Wednesday, September 24, 2014

10 Simple Tips for a Better Motorcycle Adventure & some MUST-HAVE ADV GEAR



My first day on the road taught me some awesome things that I never knew before getting out and taking an adventure for myself. I've only traveled 300 miles so far, but what I learned from today's ADV may help you on your own journeys, and that's what this blog is all about.

  1. Keep baby wipes in the tank bag so you can clean off your face shield after playing chicken with june bugs and have quick-access for potty breaks. Baby powder is also nice in a tank bag to re-apply whenever you stop for gas or a pee-break. You can also use it as a smoke screen in case you're being chased by bad guys. Just pop the cap and use it like a grenade. Not really... but it's fun to fantasize about bombing that overcompensating tail-gater, isn't it? Then again... a trucker bomb (a coke bottle filled with urine) MIXED with baby powder would be epic. Now I'm daydreaming. "Taste the sweetness of my revenge, you idiot cager in the gigantic white truck that overcompensates for..." I digress...next tip.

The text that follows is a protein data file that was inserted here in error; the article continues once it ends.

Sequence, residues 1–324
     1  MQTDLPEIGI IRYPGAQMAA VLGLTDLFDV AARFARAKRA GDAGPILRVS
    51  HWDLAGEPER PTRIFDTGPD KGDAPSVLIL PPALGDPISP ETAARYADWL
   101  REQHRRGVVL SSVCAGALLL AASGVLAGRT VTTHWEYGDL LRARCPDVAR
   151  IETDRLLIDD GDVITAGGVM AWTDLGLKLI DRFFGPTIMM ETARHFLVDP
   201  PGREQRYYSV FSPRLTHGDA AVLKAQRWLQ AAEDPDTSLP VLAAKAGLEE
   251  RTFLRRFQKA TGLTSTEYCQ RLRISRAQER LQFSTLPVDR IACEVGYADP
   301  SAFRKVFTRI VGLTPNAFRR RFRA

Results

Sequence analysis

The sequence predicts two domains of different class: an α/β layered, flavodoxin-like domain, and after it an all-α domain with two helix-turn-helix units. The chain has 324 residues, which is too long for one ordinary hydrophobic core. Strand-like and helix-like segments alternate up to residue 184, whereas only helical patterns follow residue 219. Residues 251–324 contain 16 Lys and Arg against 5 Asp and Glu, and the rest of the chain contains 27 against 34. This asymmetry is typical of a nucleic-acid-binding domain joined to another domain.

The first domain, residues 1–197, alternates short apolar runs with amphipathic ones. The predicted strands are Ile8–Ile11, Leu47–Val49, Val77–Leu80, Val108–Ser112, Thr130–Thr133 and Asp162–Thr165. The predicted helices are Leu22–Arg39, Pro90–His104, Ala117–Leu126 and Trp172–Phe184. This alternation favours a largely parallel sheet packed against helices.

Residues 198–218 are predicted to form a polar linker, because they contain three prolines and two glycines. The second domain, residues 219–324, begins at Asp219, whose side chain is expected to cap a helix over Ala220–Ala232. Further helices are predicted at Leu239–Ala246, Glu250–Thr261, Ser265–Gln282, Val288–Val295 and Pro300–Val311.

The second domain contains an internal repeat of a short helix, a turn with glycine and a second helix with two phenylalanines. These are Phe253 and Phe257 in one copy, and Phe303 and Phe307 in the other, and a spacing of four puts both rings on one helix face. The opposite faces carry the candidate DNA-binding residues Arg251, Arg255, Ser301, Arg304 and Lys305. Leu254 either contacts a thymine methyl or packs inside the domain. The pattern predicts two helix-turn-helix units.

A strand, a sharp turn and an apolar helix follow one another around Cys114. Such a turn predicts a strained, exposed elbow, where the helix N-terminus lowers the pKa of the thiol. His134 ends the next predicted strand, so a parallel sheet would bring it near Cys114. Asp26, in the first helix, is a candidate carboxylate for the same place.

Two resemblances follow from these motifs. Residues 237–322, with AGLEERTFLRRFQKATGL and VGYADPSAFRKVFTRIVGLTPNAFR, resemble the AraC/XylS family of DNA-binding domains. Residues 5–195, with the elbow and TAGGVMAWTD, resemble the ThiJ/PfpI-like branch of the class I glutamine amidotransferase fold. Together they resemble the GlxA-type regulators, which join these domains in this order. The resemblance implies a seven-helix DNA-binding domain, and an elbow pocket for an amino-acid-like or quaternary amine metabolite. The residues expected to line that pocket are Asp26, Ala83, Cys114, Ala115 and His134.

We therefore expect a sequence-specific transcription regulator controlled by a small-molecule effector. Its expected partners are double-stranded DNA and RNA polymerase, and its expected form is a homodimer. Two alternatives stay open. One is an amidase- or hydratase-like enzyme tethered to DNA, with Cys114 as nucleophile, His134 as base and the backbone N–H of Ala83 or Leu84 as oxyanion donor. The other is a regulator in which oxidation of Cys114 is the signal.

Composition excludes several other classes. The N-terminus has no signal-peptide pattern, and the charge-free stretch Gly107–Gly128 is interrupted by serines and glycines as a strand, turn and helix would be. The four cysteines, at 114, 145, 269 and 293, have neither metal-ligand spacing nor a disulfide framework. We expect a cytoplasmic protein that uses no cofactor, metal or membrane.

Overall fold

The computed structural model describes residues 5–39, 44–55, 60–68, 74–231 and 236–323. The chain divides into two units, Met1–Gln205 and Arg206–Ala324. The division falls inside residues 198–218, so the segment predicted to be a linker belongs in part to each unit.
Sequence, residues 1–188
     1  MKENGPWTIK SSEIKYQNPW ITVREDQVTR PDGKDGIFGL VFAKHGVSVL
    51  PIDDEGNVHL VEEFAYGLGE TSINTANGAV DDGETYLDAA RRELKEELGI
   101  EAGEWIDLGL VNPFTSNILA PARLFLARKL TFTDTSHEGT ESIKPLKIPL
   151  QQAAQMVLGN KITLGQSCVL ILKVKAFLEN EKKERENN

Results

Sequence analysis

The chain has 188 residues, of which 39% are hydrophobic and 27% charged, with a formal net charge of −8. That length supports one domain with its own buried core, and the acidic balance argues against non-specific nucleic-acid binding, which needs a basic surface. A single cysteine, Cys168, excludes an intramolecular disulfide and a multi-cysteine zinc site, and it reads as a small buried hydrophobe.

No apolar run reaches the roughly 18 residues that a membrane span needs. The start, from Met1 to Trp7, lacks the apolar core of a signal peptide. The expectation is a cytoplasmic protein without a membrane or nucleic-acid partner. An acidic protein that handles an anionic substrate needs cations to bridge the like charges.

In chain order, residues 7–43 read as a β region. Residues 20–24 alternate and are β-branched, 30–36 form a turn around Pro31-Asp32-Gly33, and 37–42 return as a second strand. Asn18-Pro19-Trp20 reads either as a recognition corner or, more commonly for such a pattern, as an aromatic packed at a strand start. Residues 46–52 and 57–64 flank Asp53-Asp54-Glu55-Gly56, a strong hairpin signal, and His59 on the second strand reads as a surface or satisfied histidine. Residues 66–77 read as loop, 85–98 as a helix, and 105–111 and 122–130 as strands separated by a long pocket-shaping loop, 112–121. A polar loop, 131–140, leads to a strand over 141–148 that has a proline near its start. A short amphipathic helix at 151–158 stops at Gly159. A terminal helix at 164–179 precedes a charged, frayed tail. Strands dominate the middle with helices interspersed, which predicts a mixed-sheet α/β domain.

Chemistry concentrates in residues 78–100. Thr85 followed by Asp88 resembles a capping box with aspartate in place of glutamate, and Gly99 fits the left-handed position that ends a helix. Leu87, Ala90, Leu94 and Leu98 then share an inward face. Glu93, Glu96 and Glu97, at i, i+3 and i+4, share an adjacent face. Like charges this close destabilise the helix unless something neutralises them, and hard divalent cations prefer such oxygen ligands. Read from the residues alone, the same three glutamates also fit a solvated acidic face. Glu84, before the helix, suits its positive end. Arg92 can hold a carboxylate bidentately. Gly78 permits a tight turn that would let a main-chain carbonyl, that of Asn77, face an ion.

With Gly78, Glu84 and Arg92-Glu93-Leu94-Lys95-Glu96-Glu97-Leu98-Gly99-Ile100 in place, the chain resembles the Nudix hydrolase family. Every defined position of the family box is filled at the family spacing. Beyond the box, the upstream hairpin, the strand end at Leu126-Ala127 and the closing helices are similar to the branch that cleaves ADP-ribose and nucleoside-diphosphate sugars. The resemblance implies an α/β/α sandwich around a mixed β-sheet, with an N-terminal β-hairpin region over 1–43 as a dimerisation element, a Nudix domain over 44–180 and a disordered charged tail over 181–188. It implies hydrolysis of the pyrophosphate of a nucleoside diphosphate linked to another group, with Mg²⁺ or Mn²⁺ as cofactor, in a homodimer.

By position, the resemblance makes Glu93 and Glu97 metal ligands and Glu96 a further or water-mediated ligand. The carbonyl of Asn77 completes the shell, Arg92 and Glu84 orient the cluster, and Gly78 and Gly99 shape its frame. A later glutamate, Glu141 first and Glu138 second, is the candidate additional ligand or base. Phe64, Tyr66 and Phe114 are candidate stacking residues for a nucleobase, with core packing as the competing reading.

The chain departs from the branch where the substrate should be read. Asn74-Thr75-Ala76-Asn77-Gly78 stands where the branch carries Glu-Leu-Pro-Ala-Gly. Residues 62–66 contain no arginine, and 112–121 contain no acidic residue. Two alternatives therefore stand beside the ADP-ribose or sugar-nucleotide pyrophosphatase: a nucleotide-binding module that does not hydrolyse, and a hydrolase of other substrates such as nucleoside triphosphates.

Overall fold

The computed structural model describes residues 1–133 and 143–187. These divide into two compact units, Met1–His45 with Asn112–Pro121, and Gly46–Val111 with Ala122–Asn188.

2. Ear plugs. Put them in your pocket. Put them in your tank bag. Put them in your back pack. Put those things EVERYWHERE so you never go without them. Hearing loss while riding is real, my friends. If the exhaust noise doesn't get you, the wind noise will. Use ear plugs, especially on long rides.